If there are objections, it will not enter into force and the Commission will be required to redraft the legislation, Linklaters warned, adding that the DA cannot be amended, but must be approved or rejected in full.
The knock-on effect
Delays to the Taxonomy Climate DA will reverberate throughout the EU’s sustainability-based regulatory agenda.
One impacted measure could be the Taxonomy Article 8 DA, which requires companies complying with the Non-Financial Reporting Directive (NFRD) – soon to be replaced by the Corporate Sustainable Reporting Directive (CSRD) – to report on their degree of alignment with the sustainable activities listed in the taxonomy.
The Taxonomy Article 8 DA’s scrutiny period ends in November, in order to apply from next year, but companies will struggle to comply without clear parameters outlining what is defined as a sustainable activity.
Clarification is sorely needed, according to recent research published by law firm Frank Bold and the Alliance for Corporate Transparency. Analysis of 250 European companies highlighted that, while there has been “timid progress” in the quality of ESG-related disclosures, companies “remain too focused on general information and lack specific meaningful data on risks, targets and key indicators”.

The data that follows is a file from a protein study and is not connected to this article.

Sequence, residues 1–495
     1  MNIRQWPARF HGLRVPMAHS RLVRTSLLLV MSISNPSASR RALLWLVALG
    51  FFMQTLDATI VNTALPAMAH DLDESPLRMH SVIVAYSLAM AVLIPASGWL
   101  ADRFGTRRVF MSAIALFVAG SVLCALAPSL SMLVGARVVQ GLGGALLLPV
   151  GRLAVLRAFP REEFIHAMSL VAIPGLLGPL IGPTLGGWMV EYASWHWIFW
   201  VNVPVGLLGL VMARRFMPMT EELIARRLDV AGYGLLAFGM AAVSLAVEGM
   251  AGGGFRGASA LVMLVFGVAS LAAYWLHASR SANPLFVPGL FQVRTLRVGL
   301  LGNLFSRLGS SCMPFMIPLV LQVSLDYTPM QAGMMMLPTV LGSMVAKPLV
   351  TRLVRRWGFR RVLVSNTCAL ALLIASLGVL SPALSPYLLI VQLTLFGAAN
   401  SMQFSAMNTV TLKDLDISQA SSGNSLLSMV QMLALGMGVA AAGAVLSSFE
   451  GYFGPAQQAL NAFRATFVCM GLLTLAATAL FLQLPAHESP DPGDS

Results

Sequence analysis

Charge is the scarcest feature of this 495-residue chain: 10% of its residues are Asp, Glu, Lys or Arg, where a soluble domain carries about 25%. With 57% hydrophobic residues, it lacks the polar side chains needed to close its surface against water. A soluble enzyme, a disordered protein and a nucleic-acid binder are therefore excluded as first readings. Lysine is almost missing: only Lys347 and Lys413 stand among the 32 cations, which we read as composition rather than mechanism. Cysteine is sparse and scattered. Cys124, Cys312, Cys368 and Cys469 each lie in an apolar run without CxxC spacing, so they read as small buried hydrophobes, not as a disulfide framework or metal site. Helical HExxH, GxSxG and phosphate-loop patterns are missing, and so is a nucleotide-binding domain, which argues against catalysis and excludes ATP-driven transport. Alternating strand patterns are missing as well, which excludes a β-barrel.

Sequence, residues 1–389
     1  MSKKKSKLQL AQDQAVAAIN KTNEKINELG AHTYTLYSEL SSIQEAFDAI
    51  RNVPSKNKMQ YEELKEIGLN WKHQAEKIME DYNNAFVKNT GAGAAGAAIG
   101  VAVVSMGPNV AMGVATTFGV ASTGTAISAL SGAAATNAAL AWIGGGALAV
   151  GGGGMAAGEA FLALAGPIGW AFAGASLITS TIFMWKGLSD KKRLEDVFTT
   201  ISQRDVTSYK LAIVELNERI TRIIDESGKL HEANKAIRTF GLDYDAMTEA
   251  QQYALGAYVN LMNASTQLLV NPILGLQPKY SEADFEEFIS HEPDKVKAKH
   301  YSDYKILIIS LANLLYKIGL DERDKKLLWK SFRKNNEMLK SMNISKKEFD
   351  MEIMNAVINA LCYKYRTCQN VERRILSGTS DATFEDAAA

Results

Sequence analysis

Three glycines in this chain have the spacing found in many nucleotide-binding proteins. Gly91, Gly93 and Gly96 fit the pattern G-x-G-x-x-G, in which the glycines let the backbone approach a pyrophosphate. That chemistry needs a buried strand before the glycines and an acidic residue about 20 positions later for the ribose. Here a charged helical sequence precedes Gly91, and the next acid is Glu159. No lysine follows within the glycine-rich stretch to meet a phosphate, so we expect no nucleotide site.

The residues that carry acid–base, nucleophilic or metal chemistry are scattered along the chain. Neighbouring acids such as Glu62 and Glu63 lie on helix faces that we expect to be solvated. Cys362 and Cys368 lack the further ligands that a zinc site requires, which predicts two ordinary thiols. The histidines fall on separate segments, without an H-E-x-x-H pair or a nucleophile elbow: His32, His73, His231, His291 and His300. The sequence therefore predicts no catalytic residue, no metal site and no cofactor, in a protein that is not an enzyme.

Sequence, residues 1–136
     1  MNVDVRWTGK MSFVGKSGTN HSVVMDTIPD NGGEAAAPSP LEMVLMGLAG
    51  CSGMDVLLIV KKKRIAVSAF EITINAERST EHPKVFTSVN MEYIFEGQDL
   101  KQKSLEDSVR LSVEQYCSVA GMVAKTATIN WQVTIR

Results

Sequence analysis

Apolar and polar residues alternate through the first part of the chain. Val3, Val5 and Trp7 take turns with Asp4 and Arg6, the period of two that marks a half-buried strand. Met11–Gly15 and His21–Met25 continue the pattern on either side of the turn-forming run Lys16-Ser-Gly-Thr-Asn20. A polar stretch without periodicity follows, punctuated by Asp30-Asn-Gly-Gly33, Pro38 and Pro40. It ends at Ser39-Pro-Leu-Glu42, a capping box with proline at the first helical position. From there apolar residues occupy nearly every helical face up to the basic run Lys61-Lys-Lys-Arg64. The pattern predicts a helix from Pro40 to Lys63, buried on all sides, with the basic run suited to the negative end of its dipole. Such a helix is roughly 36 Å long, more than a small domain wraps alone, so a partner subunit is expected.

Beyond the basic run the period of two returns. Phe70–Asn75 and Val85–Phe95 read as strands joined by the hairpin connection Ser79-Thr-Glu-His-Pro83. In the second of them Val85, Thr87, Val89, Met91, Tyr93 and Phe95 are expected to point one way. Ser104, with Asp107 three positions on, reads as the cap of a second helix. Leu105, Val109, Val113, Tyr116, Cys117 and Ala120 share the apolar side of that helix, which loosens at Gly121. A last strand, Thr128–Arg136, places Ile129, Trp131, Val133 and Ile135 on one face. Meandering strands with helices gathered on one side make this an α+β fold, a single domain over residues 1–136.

Further, under Articles 5 and 6 of the Taxonomy Regulation, asset managers complying with the Sustainable Finance Disclosures Regulation (SFDR) Level 2 from July 2022 must disclose how their green-labelled products align with the sustainable activities listed under the taxonomy.
Other parts of the European Commission’s sustainable finance agenda are less likely to be impacted by any delays to the Taxonomy Climate DA.
The Commission’s Platform on Sustainable Finance (PSF) is currently consulting on the technical screening criteria for the remaining four which will fall under a separate DA: water, circular economy, pollution prevention and control and biodiversity.
The consultation has been extended, with the PSF due to deliver its recommendations to the Commission on 29 November. This DA is expected to be adopted in Q1 2022 and to be applied from 1 January 2023.
The PSF is also consulting on a brown taxonomy, which will categories companies in transition that are not yet considered wholly environmentally sustainable.
The Global Reporting Initiative (GRI) and European Financial Reporting Advisory Group (EFRAG) are also in the process of developing the EU sustainability reporting standards (ESRSs), expected to be enforced by 2024.
Requirements for companies to report in line with new ESRSs are included in the proposed CSRD.
Any other international standards for sustainability reporting that emerge – such as those being developed by the International Financial Reporting Standards (IFRS) Foundation – need to “ensure coherence” with developments coming out of the EU, said Filip Gregor, Head of Responsible Companies at Frank Bold, earlier this week at a webinar on sustainability reporting standards hosted by the GRI and World Benchmarking Alliance (WBA).